There is little debate about the fact that 24 months of COVID, has resulted in numerous changes to our industry. The stress, the economics, the loss, the arguments, the politics, the confusion and the emergence of new strains have all played their part in transforming the way we do business in the future.
That said, despite this acknowledgment, the actions we see happening are not necessarily congruent with these changes. In many cases, I see both organizations and individuals moving forward with a "business as usual approach," and at least for me, that's a little concerning.
Why? Well, let's consider what has happened outside of the travel, tourism and hospitality space. We have seen so many businesses change their approach to keep up or take advantage of these changes more frequently. Retailers offered curbside pickup; streaming services upped their game, and offerings, services and technologies that supported remote work doubled down on their marketing and sales efforts.
And yet, once again, the space that I love so much, travel, tourism and hospitality, seems to be still cursed with a late adopter approach, as little as possible execution and anti-change thinking. To that point, I had a brief discussion with someone regarding their attempt to find a sales leader in the mice and events space; I challenged the job description because it could easily have been the same job description that might have been posted in 1980. However, it is no longer 1980, and it is post-COVID. How can these roles, strategies and methods still be the same? They cannot, yet the party in question defended the description with fervor. I hear things like this, and I shake my head in concern for this industry.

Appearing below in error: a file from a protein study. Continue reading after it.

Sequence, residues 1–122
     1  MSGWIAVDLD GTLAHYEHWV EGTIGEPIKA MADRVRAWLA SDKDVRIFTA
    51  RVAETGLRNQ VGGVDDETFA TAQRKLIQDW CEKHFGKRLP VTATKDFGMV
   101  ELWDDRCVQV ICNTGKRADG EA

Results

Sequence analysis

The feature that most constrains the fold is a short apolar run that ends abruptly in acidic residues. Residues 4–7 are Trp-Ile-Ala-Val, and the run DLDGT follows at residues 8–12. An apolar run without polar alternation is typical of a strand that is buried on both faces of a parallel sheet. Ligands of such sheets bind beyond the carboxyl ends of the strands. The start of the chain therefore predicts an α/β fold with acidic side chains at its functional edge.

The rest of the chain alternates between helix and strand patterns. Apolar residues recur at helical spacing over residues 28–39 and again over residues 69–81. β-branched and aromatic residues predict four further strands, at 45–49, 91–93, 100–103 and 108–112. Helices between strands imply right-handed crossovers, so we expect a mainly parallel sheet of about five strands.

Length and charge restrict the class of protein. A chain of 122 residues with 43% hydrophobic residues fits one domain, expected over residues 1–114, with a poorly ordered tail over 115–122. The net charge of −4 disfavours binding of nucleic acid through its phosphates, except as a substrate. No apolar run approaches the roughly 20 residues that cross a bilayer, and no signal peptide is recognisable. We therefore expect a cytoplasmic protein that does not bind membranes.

This example is not a unique case. I encourage us to ask a few simple questions regarding the post-COVID world.
1. The WHO you are selling to has changed. Maybe not the individuals themselves, but the way they think is drastically different from that in 2018. They expect more and will seek options that provide that.
2. The WHAT we offer has changed. We now need to be experts on aspects of travel that we never had to consider before. We have to stay ahead of the ever-changing and confusing policies that are different in almost every location.
3. The WHY a consumer would seek our help is different. Consumers want expert advice, not the lowest price bare bones offers that caused so much heartache for thousands of travelers at the beginning of the pandemic.
4. The WHERE is everywhere. People are considering more options than ever before because this was a global crisis; more destinations are in the mix. Acquisitions and mergers have reduced borders and made buying from a provider in your zip code irrelevant.
I am still optimistic that we can turn the corner and improve our approach. Our industry has a reputation for being technologically challenged and late to adapt to change. However, unlike the watershed moments of the past, these current changes are global, not forced by someone like me - but by the consumer. Undoubtedly, what they expect from us will continue to be more precise and transparent. The question for us is, why wait to adjust? What possible advantage could there be to only changing once the change is mandated?
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